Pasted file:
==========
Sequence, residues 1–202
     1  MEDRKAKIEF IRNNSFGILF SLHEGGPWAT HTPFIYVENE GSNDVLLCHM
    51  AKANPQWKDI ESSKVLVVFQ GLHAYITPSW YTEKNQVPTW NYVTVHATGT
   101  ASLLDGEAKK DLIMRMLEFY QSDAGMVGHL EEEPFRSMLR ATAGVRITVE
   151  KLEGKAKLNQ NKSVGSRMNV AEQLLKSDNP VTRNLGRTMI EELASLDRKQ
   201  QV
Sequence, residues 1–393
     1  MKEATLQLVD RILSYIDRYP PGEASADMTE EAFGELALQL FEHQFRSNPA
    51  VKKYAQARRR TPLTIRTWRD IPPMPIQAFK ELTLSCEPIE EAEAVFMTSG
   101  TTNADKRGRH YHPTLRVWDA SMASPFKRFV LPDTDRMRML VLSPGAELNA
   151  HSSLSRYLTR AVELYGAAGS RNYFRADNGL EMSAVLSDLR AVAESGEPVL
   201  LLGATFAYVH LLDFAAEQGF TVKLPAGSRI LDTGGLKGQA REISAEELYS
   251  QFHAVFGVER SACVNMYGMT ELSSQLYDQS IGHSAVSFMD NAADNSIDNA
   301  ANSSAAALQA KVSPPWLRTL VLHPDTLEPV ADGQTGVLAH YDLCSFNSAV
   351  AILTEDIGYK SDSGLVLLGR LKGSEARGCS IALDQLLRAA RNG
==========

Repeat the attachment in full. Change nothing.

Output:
Sequence, residues 1–202
     1  MEDRKAKIEF IRNNSFGILF SLHEGGPWAT HTPFIYVENE GSNDVLLCHM
    51  AKANPQWKDI ESSKVLVVFQ GLHAYITPSW YTEKNQVPTW NYVTVHATGT
   101  ASLLDGEAKK DLIMRMLEFY QSDAGMVGHL EEEPFRSMLR ATAGVRITVE
   151  KLEGKAKLNQ NKSVGSRMNV AEQLLKSDNP VTRNLGRTMI EELASLDRKQ
   201  QV
Sequence, residues 1–393
     1  MKEATLQLVD RILSYIDRYP PGEASADMTE EAFGELALQL FEHQFRSNPA
    51  VKKYAQARRR TPLTIRTWRD IPPMPIQAFK ELTLSCEPIE EAEAVFMTSG
   101  TTNADKRGRH YHPTLRVWDA SMASPFKRFV LPDTDRMRML VLSPGAELNA
   151  HSSLSRYLTR AVELYGAAGS RNYFRADNGL EMSAVLSDLR AVAESGEPVL
   201  LLGATFAYVH LLDFAAEQGF TVKLPAGSRI LDTGGLKGQA REISAEELYS
   251  QFHAVFGVER SACVNMYGMT ELSSQLYDQS IGHSAVSFMD NAADNSIDNA
   301  ANSSAAALQA KVSPPWLRTL VLHPDTLEPV ADGQTGVLAH YDLCSFNSAV
   351  AILTEDIGYK SDSGLVLLGR LKGSEARGCS IALDQLLRAA RNG